Browsing articles in "Cambodia"

Amazingly intricate carvings at Banteay Srei (Cambodia)

Apr 9, 2013   //   by Eva   //   Blog, Cambodia  //  Comments Off


we couldn’t stop taking pictures

Cambodian Village Soccer

Mar 30, 2013   //   by David   //   Blog, Cambodia, Videos  //  1 Comment

When David was a boy he’d get to school early for a game of pre-class soccer and then stay late for a game of post class soccer. Here’s an unedited video snippet of how the game is played in a Cambodian village.


Angkor Wat and Pa Trom (two month ago)

Mar 30, 2013   //   by Eva   //   Blog, Cambodia  //  Comments Off

Angkor Wat

Angkor Wat is a Hindu Temple to Vishnu (the Protector God) so it is built to resemble Mount Meru the holiest place in Hinduism, hence the three peaks. As the Khmer king is god on earth it is a fitting place for him to live.

It is not easy to enter Angkor Wat. You need to travel from Earth to heaven. You need to cross the primordial waters and arrive at the inner courtyard from where you ascent to heaven.During your ascent you see murals which tell famous Hindu tales and on your leaving you see murals which tell of the warrior prowess of the Khmer king.

Here in pictures, “To Heaven and Back”




Jan 21, 2013   //   by David   //   Blog, Cambodia  //  1 Comment

“Cambodia’s developing economy and institutionalized corruption have concentrated wealth into a new rich class that now supports Phnom Penh’s new fancy hotels and restaurants.” (Good insight from Wikitravel)

In the 1997 coup the Cambodian People Party (CPP)’s militia overthrew the government and since then have begun instituting a Chinese model in Cambodia. Large signs, small signs and posters of the three leaders of the party are very present. Signs with faces of the three ruthless leaders were cemented into the road at 10 meter intervals along one village road paid for by the CPP. Village life remains as it once was. Some villages have wells, others rely on stream water. People share house space with animals although unlike in Africa the people and the animals here have separate quarters.

The cost of goods and people is low. A meal in a vegetarian restaurant serving locals and us cost $0.75. For $1.50 you could eat your fill. A tuk-tuk (taxi) around town cost $2. Interestingly, although the Riyal is the currency most things in the city are quoted in US$. I haven’t seen a city as blatantly use the $ in place of the local currency. I’ve seen items quoted in $ elsewhere around the world but in Cambodian cities almost every vendor can give you change in $. It’s a full two currency economy.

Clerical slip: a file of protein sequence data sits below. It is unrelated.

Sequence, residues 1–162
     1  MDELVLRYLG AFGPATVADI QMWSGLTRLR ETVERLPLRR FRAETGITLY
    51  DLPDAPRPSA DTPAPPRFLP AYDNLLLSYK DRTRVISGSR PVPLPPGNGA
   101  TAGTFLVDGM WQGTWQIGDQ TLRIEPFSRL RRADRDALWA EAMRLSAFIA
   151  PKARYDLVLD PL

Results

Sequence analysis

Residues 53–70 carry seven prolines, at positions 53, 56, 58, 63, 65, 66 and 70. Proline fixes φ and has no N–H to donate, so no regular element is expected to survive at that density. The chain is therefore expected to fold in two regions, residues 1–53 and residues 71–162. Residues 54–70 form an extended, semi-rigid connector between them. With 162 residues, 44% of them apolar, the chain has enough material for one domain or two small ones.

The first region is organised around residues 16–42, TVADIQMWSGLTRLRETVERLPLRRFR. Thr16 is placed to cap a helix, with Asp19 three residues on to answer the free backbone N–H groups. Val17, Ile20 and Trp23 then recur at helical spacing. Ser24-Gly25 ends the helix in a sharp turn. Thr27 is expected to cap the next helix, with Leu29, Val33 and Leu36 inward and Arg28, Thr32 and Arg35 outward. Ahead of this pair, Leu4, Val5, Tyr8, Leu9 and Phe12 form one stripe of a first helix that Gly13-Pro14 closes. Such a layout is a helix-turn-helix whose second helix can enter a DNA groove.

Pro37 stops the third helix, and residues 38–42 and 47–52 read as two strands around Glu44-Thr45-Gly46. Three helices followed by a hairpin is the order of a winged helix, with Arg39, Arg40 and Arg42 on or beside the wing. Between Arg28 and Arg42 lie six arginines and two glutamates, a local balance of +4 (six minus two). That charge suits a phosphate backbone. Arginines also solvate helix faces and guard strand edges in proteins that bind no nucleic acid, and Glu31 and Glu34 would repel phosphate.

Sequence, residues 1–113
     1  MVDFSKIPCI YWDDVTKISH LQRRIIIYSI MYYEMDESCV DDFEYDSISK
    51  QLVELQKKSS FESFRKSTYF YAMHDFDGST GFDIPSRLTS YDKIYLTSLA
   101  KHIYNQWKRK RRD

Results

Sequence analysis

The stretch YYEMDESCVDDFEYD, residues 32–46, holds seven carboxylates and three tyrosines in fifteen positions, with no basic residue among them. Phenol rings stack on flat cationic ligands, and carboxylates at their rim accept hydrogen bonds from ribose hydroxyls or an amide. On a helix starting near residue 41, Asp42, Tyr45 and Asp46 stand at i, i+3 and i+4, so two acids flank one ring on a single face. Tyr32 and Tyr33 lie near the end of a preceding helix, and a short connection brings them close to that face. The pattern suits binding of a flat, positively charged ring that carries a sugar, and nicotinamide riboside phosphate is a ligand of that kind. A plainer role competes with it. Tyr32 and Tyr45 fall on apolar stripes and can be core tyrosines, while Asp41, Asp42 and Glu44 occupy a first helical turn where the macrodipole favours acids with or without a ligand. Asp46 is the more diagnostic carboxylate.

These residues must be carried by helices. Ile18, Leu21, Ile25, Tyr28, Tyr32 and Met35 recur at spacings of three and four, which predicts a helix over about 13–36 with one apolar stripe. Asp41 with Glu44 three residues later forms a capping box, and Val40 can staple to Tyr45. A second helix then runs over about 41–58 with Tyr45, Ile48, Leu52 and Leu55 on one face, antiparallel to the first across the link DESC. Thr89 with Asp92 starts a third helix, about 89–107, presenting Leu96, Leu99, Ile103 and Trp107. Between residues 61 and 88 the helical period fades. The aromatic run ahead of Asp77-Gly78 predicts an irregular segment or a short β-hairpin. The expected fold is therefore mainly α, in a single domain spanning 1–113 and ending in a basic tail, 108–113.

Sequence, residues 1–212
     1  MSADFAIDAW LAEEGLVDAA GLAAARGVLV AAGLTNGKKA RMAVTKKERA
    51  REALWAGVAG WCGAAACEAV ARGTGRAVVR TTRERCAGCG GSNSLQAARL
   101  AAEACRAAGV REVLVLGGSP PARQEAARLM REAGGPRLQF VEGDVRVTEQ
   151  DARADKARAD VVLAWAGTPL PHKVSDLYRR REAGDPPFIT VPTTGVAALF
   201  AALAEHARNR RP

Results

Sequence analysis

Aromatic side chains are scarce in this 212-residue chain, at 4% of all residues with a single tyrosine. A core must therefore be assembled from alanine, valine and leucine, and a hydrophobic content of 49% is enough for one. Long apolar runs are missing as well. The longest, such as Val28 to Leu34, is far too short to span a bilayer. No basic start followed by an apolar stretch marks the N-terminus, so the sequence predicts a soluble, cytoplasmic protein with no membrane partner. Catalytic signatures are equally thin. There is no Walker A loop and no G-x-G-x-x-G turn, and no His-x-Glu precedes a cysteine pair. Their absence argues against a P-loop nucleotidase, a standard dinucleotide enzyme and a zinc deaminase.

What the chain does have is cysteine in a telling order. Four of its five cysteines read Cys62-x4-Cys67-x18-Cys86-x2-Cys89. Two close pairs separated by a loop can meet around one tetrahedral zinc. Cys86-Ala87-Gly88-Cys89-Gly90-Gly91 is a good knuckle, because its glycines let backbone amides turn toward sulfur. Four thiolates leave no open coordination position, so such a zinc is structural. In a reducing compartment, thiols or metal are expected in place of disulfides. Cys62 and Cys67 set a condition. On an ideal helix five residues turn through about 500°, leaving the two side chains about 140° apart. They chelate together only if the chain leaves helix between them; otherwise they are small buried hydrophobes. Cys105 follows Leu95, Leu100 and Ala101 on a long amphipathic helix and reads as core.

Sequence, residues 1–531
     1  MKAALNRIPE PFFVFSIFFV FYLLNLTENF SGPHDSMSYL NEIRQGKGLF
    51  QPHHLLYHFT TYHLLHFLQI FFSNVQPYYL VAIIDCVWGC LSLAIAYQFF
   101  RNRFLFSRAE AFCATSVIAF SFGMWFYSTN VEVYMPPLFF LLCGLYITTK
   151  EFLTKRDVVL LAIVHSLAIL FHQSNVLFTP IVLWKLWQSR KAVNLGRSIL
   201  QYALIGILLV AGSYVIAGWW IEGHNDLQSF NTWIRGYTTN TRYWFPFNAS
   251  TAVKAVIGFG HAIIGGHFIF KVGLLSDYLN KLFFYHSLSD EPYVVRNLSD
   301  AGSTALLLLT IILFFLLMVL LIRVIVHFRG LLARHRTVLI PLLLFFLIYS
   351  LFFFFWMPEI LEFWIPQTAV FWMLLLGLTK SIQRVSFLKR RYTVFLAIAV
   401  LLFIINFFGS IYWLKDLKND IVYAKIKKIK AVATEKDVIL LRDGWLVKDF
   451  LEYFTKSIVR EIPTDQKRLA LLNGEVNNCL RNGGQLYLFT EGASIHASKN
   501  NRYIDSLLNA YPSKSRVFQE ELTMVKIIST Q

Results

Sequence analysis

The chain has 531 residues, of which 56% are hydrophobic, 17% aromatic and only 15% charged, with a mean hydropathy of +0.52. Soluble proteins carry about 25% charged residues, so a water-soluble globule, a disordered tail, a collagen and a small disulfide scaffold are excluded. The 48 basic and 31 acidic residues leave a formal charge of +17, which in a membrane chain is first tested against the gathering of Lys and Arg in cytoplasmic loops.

Yesterday (20th Jan) in Siem Reap I took Yannay’s computer cord to a local computer shop for repair. It was shorting out. The technician was expert, courteous, patient and charged $3 for the repair and $1 for a replacement cord. This is the likely future of Cambodia. Those who get a professional education will create a new middle class. There is currently a seemingly large upper class as the number of vehicles we saw outstrips the number we saw in Vietnam. The palace build by the owner of Tiger Beer is enormous. But, vehicle prices are high and salaries are low. Policemen are paid $25 per month (one cause for police corruption) and a typical office clerk receives $45 per month so less than $2 per day. The vast majority of people are not well off.

Near Phnom Pehn we visited a free English school set up by Terra Mackie’s mother Anne. The villagers still draw their water from wells. There is certainly no sewage. Kids have never watched sport on TV. Most rise at 5am to do chores before going to school. There’s a big gap between this and a motor vehicle. And many of these very smart kids would not be able to remain in school if not for Anne Mackie. The parents need their help on the farms. Anne has offered to supplement parental income in return for keeping their kids in school. As a result of this, for many of these people life will be quite different in 10 years time.